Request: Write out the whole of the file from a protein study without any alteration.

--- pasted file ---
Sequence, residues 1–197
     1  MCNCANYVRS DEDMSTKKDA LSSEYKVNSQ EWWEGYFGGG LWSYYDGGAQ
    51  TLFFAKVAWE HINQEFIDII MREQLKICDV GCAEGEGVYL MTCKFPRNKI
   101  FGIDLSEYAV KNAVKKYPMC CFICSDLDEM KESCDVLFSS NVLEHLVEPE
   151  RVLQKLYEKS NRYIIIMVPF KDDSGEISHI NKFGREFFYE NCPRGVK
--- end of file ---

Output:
Sequence, residues 1–197
     1  MCNCANYVRS DEDMSTKKDA LSSEYKVNSQ EWWEGYFGGG LWSYYDGGAQ
    51  TLFFAKVAWE HINQEFIDII MREQLKICDV GCAEGEGVYL MTCKFPRNKI
   101  FGIDLSEYAV KNAVKKYPMC CFICSDLDEM KESCDVLFSS NVLEHLVEPE
   151  RVLQKLYEKS NRYIIIMVPF KDDSGEISHI NKFGREFFYE NCPRGVK